In this post, we’re going to condense our experience as a provider of digital transformation software and solutions for some of the largest government agencies and financial institutions in the world. If you want to move a massive government organization from paper and physical branches to digital services, what is it you should know? What are the references, benchmarks and goals? At the end of it, what are the chances that the entire process will be successful?
I’ll divide this ready reckoner for digital transformation in government into four sections. First is the definition (your definition) of digital transformation. Second is a double-take inside, within your organization, which will serve as a predictor of success. Next comes the question of what, out of the myriad processes and operations you have, to transform or digitize or automate. And lastly, there is the question of performance management, which is about setting goals, collecting feedback and metrics, and keeping it completely transparent.
1. Defining digital transformation for government.
The ideal definition of digital transformation is the implementation of software and / or hardware systems that automate functions, or some processes within functions, that were being done physically by your staff.
But that’s not going to work for a large government agency. The goal of digital transformation in this case is to make government more efficient. You can label a lot of things as digital transformation. Take all the data you have locked up in silos and make it open data available for use by anyone or any company, public or private. That itself qualifies as digital transformation. You can then expand the scope to include online applications and registration, tax payments and every other service that government provides.
You can do virtual appointment scheduling for people who want to come and talk to someone in government. Wait times in government offices are one of the biggest pain points that creates inefficiencies in the system. Eliminating this also creates one huge advantage – customer identification. You can identify every single customer who makes use of the system, and that too right at the first point of interaction – before they even talk to you or come to see you.
So, let’s do this one more time – How do you define digital transformation for government? The use of digitization to create efficiencies for government servants, the agency they work for, and the citizens they serve.
2. Predictors of success – Strategy, leadership, workforce skills, digital culture, and user focus.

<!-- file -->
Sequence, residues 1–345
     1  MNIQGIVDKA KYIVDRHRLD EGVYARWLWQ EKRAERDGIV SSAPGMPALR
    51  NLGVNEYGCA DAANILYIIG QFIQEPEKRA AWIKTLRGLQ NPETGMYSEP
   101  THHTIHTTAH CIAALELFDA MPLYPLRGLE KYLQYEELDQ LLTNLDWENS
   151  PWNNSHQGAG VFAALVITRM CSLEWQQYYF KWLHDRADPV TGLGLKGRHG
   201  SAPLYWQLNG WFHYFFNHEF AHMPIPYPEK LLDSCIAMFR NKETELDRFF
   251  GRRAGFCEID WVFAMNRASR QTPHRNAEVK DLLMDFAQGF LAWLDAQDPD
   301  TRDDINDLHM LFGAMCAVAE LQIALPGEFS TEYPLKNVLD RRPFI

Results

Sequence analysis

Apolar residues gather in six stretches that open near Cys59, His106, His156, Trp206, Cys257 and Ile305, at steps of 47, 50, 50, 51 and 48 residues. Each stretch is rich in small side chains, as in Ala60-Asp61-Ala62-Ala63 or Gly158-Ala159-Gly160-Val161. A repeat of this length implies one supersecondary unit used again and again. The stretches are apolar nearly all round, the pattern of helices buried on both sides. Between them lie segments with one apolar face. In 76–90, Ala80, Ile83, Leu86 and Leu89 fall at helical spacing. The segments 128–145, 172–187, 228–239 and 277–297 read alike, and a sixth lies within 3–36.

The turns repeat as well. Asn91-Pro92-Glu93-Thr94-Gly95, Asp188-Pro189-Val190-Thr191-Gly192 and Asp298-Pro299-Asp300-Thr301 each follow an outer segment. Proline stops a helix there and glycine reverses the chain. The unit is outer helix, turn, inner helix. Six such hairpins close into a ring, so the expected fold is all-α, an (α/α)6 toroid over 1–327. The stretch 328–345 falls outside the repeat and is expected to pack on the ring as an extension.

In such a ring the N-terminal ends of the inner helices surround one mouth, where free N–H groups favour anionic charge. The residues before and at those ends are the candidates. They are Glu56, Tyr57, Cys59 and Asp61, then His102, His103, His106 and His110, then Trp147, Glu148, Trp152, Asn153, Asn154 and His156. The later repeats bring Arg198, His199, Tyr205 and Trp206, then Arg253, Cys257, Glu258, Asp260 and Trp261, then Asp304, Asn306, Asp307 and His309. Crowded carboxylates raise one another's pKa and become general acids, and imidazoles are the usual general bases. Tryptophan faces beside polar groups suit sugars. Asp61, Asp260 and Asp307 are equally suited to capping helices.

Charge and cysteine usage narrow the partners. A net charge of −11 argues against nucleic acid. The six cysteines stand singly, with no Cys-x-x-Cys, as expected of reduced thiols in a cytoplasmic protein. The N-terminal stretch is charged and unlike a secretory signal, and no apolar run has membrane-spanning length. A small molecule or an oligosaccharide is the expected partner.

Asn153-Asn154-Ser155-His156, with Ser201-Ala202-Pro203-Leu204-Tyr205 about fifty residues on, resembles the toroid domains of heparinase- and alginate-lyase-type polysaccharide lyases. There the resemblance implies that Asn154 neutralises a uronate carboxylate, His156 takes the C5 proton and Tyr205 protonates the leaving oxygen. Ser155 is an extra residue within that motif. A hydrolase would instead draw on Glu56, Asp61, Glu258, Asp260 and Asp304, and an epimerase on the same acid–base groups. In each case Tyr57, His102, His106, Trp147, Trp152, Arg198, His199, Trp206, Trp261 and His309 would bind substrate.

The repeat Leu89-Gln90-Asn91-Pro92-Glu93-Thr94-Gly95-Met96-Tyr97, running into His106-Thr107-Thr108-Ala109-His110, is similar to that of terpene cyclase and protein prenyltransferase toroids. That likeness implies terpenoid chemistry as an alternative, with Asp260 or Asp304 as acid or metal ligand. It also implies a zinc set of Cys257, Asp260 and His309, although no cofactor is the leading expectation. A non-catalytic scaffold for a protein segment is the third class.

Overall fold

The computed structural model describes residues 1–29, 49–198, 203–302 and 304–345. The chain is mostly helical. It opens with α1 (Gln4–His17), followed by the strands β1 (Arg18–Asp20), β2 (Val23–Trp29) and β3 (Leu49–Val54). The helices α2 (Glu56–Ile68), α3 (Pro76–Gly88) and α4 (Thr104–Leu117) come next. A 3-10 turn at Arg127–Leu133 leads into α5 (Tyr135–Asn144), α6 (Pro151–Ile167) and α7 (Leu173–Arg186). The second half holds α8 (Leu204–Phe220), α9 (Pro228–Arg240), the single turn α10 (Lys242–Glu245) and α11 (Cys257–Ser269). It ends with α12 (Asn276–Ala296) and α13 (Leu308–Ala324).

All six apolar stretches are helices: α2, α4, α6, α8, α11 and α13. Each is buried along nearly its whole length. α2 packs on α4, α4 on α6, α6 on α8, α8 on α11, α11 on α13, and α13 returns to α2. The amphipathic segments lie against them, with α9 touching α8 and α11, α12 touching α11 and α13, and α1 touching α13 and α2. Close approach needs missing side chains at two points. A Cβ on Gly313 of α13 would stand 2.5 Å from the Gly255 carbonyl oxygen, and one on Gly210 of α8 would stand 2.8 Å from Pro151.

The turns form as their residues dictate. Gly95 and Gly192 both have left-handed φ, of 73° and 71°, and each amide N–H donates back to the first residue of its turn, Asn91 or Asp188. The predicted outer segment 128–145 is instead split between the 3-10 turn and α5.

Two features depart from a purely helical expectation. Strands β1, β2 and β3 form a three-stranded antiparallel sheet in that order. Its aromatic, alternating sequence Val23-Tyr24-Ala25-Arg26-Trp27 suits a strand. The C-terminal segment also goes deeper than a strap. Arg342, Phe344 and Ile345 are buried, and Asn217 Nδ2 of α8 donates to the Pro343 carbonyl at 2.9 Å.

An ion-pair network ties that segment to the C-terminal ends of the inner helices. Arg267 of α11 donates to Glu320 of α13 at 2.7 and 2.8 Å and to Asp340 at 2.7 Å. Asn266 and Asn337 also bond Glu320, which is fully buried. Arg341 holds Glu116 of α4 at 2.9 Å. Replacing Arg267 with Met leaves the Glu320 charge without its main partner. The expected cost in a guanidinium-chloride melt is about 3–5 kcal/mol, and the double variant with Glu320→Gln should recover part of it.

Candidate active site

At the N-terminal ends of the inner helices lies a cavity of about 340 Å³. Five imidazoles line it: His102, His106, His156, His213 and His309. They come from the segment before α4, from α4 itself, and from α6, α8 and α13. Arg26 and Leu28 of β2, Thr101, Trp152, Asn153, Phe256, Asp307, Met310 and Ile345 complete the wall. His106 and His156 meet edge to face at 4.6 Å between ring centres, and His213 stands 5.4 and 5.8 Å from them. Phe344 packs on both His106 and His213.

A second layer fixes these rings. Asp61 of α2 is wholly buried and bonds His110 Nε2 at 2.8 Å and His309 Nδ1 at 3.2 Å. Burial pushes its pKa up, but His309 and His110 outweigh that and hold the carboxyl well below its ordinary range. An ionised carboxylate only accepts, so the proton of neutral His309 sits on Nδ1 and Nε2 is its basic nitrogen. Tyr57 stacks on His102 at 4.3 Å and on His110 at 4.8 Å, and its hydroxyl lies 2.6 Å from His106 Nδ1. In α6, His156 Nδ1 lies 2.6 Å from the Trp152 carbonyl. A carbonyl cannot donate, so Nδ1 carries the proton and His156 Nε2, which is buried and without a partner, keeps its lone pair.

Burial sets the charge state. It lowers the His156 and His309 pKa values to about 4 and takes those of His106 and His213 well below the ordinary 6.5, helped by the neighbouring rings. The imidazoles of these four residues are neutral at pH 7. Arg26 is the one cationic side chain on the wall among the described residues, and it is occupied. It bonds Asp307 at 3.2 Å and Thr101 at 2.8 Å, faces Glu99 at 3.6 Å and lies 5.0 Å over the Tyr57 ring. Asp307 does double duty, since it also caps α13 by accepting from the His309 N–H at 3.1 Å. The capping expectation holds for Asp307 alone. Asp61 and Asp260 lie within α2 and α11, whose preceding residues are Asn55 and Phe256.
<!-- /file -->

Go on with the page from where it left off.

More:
Now that you defined what it is that you’re trying to do, let’s find out if it’s even possible. Putting out an RFQ and leaving it to the vendor chosen is not going to work here because it needs education. Both your workforce and the citizens who are your users need to be educated on how to make use of the new digital system. Whether they even attempt to do this is dependent on a “culture of digital” spreading across society and your agency. Without that, the technology is completely wasted.
The chart below is from a Deloitte Global Survey that pinpoints the characteristics of a digitally maturing organization, based on four characteristics – Strategy, leadership, workforce development, and user focus.
Your decisions about what to transform, and the goals of that transformation, must be chosen based on the chart above. Look at where your organization is on this chart, and select what to transform. More on this below.
3. Transform core capabilities of digital government.
How do you choose which part of government you want to drag, kicking and screaming, into the digital era? Let me share with you a McKinsey report on government transformation. Specifically, I refer to a section in it on the core capabilities of digital government. It says, and I quote,
“Governments typically begin their digitization efforts by rebuilding a few fundamental capabilities around advanced technologies. With experience, they can broaden their digitization programs…”
They group capabilities into four broad categories – services, processes, decisions, and data sharing.
The report authors recommend that government should conduct surveys to find out which are the biggest complaints of its citizens, and then digitize services that yeild the big gains in satisfaction. If the people are concerned about costs and efficiency, then the priority should be to digitize services that are most heavily used and those that account for the most spending.
4. Performance management to make government effective, efficient and accountable.
I’d start with data sharing, because transparency and private enterprise applications built atop the data sets force government to be more efficient when the data becomes public.
The data sets that NOAA and other federal agencies have made public are proof enough of how effective this is. But let me give you a more pertinent performance management case study – Results Washington.
Washington State has a “Goal Map” for a more efficient, effective and accountable government.
Here’s a list of some of their specific goals that address the kind of big gains in efficiency and effective government that digital transformation can bring about.
– Cutting wait times by 82%;
– Issuing refunds 26 days faster;
– Incoming calls answered 8 seconds faster;
– Backlog of overdue public disclosure requests reduced from 415 to 17;
– Saved $2.5M in Mediclaim application processing manpower; and more.
These are the kind of results or goals that you should be targeting when you initiate a process of digital transformation in government. So define what it means to your organization, check if its feasible given your culture and resources, identify the most high-priority core capabilities to transform, and set highly specific goals to be achieved as a result.